Truth be told with things as they are now I bet a few dairy farms should have got rid of those cows last autumn, saved on work, saved on silage and the remainder of the herd would have done better because of having a bit more space around the place.

Regarding sheep and beef on the levels I couldn't tell you, in my experience, neither of these sub-divisions spend much money on running their land anyway. A large portion of the levels isn't farmer that intensively at all. It's actually probably the traditional way of farming there and been practiced for decades. I remember a client telling me about how in the drought of 76 a lot of farmers on the levels dried all their cows off, cut down all the withys and let the cows have a holiday all summer.
 

som farmer

Member
Livestock Farmer
Location
somerset
With the price of fertiliser is it no wonder people are sending on cows or getting out? Big money for a load of fertiliser and a lot of that land on the levels isn't in good heart to begin with. It would not surprise me at all if people were waiting until now for their first cut to get the bulk out of it because I am near certain that a lot of the land on the levels will not do much at all without any bagged magic.

Much of it is wet, acid or overgrown with problematic species, it's not the sort of land you can really farm on a shoestring because it wants to revert to it's old ways quite quickly. I can think of some medium or even large farms in the area and you can spot the fields they operate on very readily as they will be growing something and stand out miles amongst the others.

Truth be told with things as they are now I bet a few dairy farms should have got rid of those cows last autumn, saved on work, saved on silage and the remainder of the herd would have done better because of having a bit more space around the place.
alas, but you are right.
its not so much the price of fert, as finding the big lump to pay for it, even if split over 3 months.
But we all need to work out a strategy, to cope with that price, reps tell us, its still economical at £900 ton,
like many, we reduced our N to 40units/ac, with sulphur, and despite the tack sheep leaving mid march, had one of the heaviest first cuts, for decades, all quality grass. Grazing wise, we had plenty of grass, and clover, for 1st round, only used 30n/s for second. Slurry been applied to cut ground. Now, grass is slowing down, because of dry weather.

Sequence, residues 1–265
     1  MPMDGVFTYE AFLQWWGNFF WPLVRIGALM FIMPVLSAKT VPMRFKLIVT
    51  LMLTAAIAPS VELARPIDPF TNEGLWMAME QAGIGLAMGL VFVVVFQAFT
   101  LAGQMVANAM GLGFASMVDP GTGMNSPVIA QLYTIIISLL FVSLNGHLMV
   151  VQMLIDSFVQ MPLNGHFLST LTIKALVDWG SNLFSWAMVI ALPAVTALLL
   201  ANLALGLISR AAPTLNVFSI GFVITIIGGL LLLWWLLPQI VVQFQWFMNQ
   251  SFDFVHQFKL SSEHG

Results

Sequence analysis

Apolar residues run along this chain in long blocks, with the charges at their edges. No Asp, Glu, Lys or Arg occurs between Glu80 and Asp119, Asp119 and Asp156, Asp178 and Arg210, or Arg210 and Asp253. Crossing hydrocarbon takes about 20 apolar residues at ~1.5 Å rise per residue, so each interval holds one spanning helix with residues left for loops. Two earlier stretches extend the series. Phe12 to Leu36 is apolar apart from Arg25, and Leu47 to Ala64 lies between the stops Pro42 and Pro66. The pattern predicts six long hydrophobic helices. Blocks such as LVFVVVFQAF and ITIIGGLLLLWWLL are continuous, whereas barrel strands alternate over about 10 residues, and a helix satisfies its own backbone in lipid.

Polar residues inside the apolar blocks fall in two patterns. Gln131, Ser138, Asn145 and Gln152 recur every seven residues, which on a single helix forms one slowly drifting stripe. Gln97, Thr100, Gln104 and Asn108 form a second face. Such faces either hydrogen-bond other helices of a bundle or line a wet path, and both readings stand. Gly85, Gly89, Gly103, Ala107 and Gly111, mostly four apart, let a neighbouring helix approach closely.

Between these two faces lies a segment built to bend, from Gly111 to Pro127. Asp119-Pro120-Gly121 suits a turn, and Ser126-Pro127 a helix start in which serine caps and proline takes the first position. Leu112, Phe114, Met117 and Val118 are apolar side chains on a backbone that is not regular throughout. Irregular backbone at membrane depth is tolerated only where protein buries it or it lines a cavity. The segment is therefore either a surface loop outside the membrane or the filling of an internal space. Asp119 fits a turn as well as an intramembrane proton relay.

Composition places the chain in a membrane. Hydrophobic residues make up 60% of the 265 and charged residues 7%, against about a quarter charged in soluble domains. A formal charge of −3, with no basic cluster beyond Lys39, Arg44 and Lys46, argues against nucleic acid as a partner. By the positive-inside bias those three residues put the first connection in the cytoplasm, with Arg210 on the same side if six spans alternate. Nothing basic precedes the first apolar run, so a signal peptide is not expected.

But, 1st cut, is enough, to see us through, with some autumn silage, and we are making hay.
considering we usually do multi-cut, we have acres, to feed the cows, if necessary. That's great, its the why, l don't get.

back to the somerset levels, its a shame they want to revert back to marshland, all the work done over several 100 yrs, just thrown away. And at a time, when food security issues are becoming more important, it would take time, to return those pastures to good use, again
Guv seems to be sleepwalking into a massive shock, for us, ag inflation is running at 30%, that cost, will be passed on, to the consumer, farmers simply cannot carry that, retailers won't, so consumer pays, then add energy costs ......... There is a mighty big wall to hit. Imported food, is rising in cost, transport costs are rocketing.
Am pretty certain, neither guv, or s/mkts, realise the extent of that supply/price problem, the guv, because for most of the MP's, they have known nothing but, a readily available, huge range, of cheap food, some may even remember, bursting intervention stores, so, what problem ? S/mkts, their response has always been, up the price, farmers up production, they drop the price. Todays food availability problems, are global, not national, and their up/down price strategy, isn't going to work.
good for farmers though.
 

primmiemoo

Member
Location
Devon
i did 150 miles on a route today that i have not done since pre covid @Jrp221 !

Back pre covid on this 150 mile route there would be field after field of suckler cows/ store cattle and sheep grazing at this time of year!

Today i ONLY saw one field of sheep along the entire 150 miles, now it is either wall to wall corn or fields ( steep so cannot be cut ) that clearly have not been grazed for at least 12 + months and thus left to go to waste!

The stock are just not there, if you can plough/combine your land then unless you are in dairy then you are better off putting it under the plough given the current diabolical prices for prime beef/ lamb in the UK.

Oh and used to be a very big outdoor pig farm on this route as well! now all gone and yep you have guessed it all down to corn!!
For feeding AD, or to feed the animals that aren't there?
 

Cowabunga

Member
Location
Ceredigion,Wales
Don’t know about elsewhere but second cut silage is suffering from a distinct lack of rain. I’ve had to increase the grazing area more than planned as well, to keep the cows fed and milking.
If it continues this dry for the next 12 weeks, which is a distinct possibility, then Winter fodder and Summer and Winter milk will be in short supply whatever the price. Many have had enough of farming and are on the cusp of throwing in the towel, so there is not likely to be a food surplus any time soon. Beef is probably going to continue to be plentiful until late Autumn of course, due to farmers not spreading fertiliser and offloading a high proportion of their herds, leading to a distinct shortage of home grown beef over Winter and into next year.
 

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HSENI names new farm safety champions

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Written by William Kellett from Agriland

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The Health and Safety Executive for Northern Ireland (HSENI) alongside the Farm Safety Partnership (FSP), has named new farm safety champions and commended the outstanding work on farm safety that has been carried out in the farming community in the last 20 years.

Two of these champions are Malcom Downey, retired principal inspector for the Agri/Food team in HSENI and Harry Sinclair, current chair of the Farm Safety Partnership and former president of the Ulster Farmers’ Union (UFU).

Improving farm safety is the key aim of HSENI’s and the FSP’s work and...